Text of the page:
Like Tyson, Chavez was promoted by the flamboyant Don King, with whom his relationship eventually turned sour. In 1990, however, they were still on good terms, and King set his Mexican fighter up with the toughest challenge of his career: Olympic gold medalist Meldrick Taylor.
Chavez, now with an astonishing record of 69-0, had never faced a fighter like Taylor. Schooled in the iron-tough gyms of Philadelphia, Taylor was naturally bigger, faster, and with a wider array of punches. He was, just like Chavez, coming into the ring an undefeated champion, having beaten Buddy McGirt for the International Boxing Federation junior welterweight belt in 1988.
In the early stages of the fight, it seemed that all of Taylor’s advantages would be too much for Chavez. For the first several rounds, Taylor laid a hellacious whupping on his smaller opponent, beating him to the punch as well as dancing circles around him. Despite the damage, Chavez was unbowed. Displaying the greatest virtues of the Mexican boxing ideal, Chavez repeatedly took three punches from Taylor in order to land one of his own. He continued throwing left hooks to the body in order to slow down his supercharged adversary. As the fight went down the stretch, Taylor began to show signs of fatigue. His punches lost some of their snap, and Chavez began to land more regularly to his head. Going into the final round, Chavez was still behind on the score cards, but was physically in better shape. Taylor, incorrectly thinking he had to win the twelfth round to win the fight, traded punches with the fresher Mexican. With 16 seconds left in the fight, Taylor was dropped by a Chavez right hand. Although he beat the count, Taylor was unresponsive when questioned by Referee Richard Steele, who then stopped the bout with a mere two seconds left.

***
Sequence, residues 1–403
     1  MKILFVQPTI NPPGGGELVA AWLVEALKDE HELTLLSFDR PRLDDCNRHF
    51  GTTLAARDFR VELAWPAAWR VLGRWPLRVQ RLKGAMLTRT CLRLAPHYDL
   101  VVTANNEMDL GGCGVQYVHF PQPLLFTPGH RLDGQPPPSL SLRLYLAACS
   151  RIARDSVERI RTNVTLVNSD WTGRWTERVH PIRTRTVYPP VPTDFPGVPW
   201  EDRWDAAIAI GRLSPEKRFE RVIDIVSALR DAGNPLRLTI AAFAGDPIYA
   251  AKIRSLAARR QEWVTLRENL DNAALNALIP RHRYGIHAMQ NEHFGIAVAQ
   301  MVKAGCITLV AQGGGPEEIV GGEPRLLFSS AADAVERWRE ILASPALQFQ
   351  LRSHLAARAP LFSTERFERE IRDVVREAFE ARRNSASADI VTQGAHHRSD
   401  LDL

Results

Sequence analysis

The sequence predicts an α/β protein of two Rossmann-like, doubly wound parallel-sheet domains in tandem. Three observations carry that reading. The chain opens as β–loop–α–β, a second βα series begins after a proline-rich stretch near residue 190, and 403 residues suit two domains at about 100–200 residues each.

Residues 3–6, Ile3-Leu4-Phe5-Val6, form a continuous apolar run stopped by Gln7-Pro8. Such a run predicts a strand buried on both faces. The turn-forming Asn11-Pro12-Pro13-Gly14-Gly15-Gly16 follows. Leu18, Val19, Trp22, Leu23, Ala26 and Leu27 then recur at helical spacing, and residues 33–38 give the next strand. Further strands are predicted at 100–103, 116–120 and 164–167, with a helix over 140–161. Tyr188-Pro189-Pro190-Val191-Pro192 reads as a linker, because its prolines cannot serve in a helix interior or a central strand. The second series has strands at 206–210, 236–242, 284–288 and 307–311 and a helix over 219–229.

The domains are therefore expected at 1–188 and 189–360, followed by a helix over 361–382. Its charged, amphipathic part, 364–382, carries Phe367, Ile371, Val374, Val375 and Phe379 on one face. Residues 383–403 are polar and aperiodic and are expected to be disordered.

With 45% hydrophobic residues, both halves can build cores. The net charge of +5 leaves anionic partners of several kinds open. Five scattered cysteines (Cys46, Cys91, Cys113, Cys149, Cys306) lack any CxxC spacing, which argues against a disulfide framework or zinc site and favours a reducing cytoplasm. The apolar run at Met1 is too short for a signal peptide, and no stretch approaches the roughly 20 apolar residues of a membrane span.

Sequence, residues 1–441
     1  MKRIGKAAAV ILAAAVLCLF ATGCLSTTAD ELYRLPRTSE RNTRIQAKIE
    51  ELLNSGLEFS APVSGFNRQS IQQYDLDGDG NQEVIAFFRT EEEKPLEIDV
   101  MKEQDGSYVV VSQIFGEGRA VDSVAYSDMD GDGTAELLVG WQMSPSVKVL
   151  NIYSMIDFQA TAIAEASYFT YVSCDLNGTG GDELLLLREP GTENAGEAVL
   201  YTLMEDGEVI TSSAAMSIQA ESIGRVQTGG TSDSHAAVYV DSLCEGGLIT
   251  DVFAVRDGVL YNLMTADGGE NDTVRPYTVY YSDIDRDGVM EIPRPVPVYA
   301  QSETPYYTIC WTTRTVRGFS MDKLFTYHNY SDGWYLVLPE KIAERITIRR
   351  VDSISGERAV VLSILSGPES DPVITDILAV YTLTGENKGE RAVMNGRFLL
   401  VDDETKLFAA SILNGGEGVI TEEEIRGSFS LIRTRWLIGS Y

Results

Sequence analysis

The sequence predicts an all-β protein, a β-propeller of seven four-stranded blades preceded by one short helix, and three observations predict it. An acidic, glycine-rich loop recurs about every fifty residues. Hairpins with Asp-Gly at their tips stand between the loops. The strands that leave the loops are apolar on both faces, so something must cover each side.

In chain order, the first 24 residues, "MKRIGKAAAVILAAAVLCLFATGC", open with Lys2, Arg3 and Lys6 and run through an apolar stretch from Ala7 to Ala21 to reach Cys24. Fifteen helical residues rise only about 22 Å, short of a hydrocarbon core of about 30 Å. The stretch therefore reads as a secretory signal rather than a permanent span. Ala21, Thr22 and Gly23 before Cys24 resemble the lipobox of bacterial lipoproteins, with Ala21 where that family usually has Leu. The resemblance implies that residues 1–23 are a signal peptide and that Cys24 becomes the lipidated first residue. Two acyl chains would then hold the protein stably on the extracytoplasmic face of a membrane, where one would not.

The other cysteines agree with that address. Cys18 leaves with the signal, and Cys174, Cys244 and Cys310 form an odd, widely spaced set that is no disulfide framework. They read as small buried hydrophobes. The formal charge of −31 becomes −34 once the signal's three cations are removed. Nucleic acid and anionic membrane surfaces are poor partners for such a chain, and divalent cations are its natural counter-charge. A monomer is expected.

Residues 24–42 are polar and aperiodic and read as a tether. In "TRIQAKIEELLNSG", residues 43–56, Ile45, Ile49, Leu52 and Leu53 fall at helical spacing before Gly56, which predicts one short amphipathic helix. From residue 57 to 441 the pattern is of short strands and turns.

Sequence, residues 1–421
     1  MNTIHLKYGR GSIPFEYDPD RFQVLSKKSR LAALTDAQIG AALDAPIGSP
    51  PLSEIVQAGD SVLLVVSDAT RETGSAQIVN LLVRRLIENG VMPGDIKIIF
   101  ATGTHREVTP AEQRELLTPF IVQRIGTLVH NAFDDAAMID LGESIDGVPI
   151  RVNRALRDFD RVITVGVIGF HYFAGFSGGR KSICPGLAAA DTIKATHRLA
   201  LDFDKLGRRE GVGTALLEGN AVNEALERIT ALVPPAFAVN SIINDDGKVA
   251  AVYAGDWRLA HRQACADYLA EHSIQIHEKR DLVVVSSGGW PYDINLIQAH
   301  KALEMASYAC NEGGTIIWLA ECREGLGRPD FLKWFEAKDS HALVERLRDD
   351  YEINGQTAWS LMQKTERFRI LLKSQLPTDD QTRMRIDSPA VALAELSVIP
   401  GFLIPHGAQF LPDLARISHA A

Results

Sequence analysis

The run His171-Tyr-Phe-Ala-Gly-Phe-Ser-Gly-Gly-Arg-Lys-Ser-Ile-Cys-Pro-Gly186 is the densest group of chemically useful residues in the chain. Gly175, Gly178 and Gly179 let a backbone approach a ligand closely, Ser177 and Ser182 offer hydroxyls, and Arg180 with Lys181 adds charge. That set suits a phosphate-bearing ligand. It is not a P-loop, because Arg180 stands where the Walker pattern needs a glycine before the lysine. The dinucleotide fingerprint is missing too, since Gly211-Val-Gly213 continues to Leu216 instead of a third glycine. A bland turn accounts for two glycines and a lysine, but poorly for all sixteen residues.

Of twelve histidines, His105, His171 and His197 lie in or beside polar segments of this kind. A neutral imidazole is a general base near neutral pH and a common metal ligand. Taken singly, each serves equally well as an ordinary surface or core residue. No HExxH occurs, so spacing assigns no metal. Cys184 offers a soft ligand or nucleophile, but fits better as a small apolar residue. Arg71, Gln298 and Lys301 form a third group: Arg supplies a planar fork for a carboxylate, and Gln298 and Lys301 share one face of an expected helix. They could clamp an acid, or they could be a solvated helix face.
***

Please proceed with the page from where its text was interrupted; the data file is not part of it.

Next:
This controversial win, which some claimed was ensured by Steele’s allegedly close ties to Don King, was the acme of the Chavez arc. Like his King stablemate Mike Tyson, Chavez began to lose focus on boxing, and stories of drinking bouts the night before a fight began to emerge. Chavez’s biggest challenges from then on out were decreasingly successful.
He moved up in weight to challenge welterweight champ Pernell Whitaker in 1993. Although most observers agree that Whitaker, the greatest defensive fighter of his era, trounced Chavez, the Mexican somehow escaped with a draw (many attributed it to King’s influence) and maintained his undefeated record. But that too was to come to an end three fights later, with an unexpected decision loss to Frankie Randall.
Although he never topped his physical peak of the victory over Taylor, Chavez’s fame continued to grow through a series of attention-grabbing maneuvers, both in and out of the ring. He fought before the largest crowd in the history of the sport, some 136,000 people, in Mexico City’s Estadio Azteca, destroying American Greg Haugen in five rounds. (Haugen had earned Chavez’s ire by dismissing the possibility that there were 130,000 Mexicans who could afford the pricey tickets.) Chavez enjoyed the attention of a new segment of fans when writer Cal Fussman fought one round with him as the basis of an article for Esquire magazine. Chavez also enjoyed a romance with Mexican actress Salma Hayek.
Like all great fighters, Chavez had to cede the championship stage to a younger generation of fighters. He was stopped twice by Oscar de la Hoya in the late 1990a and embarrassed in a 2000 knockout loss to Kostya Tszyu. Although the man kept fighting until 2005, Julio Cesar Chavez the champion was a thing of the past.
But for diehard fans, there is a new reason for enthusiasm. Julio Cesar Chavez Jr., a leaner and lankier man than his father, is now a budding prospect and a fixture on Las Vegas undercards. He is an undefeated welterweight, with a record of 27-0-1 as I write this. The future is bright, but he’s got a long way to go before he catches dad. He is, after all, chasing a legend.
-Originally published in ADIP November 2006